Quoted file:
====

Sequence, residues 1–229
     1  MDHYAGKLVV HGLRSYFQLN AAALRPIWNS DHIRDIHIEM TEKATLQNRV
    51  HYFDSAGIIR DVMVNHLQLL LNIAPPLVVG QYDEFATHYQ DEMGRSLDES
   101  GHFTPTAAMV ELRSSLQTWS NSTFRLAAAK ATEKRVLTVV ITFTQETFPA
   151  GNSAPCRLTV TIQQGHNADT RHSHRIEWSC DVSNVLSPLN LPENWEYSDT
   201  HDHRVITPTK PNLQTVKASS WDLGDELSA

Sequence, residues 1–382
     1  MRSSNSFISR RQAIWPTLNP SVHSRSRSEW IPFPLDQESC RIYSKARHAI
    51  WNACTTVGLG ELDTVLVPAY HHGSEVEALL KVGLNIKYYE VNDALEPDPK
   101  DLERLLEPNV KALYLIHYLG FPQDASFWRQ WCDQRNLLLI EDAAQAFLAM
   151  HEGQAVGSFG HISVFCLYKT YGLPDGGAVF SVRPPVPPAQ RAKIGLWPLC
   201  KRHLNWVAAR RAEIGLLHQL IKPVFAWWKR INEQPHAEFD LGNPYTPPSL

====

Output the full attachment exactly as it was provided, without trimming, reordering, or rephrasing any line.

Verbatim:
Sequence, residues 1–229
     1  MDHYAGKLVV HGLRSYFQLN AAALRPIWNS DHIRDIHIEM TEKATLQNRV
    51  HYFDSAGIIR DVMVNHLQLL LNIAPPLVVG QYDEFATHYQ DEMGRSLDES
   101  GHFTPTAAMV ELRSSLQTWS NSTFRLAAAK ATEKRVLTVV ITFTQETFPA
   151  GNSAPCRLTV TIQQGHNADT RHSHRIEWSC DVSNVLSPLN LPENWEYSDT
   201  HDHRVITPTK PNLQTVKASS WDLGDELSA

Sequence, residues 1–382
     1  MRSSNSFISR RQAIWPTLNP SVHSRSRSEW IPFPLDQESC RIYSKARHAI
    51  WNACTTVGLG ELDTVLVPAY HHGSEVEALL KVGLNIKYYE VNDALEPDPK
   101  DLERLLEPNV KALYLIHYLG FPQDASFWRQ WCDQRNLLLI EDAAQAFLAM
   151  HEGQAVGSFG HISVFCLYKT YGLPDGGAVF SVRPPVPPAQ RAKIGLWPLC
   201  KRHLNWVAAR RAEIGLLHQL IKPVFAWWKR INEQPHAEFD LGNPYTPPSL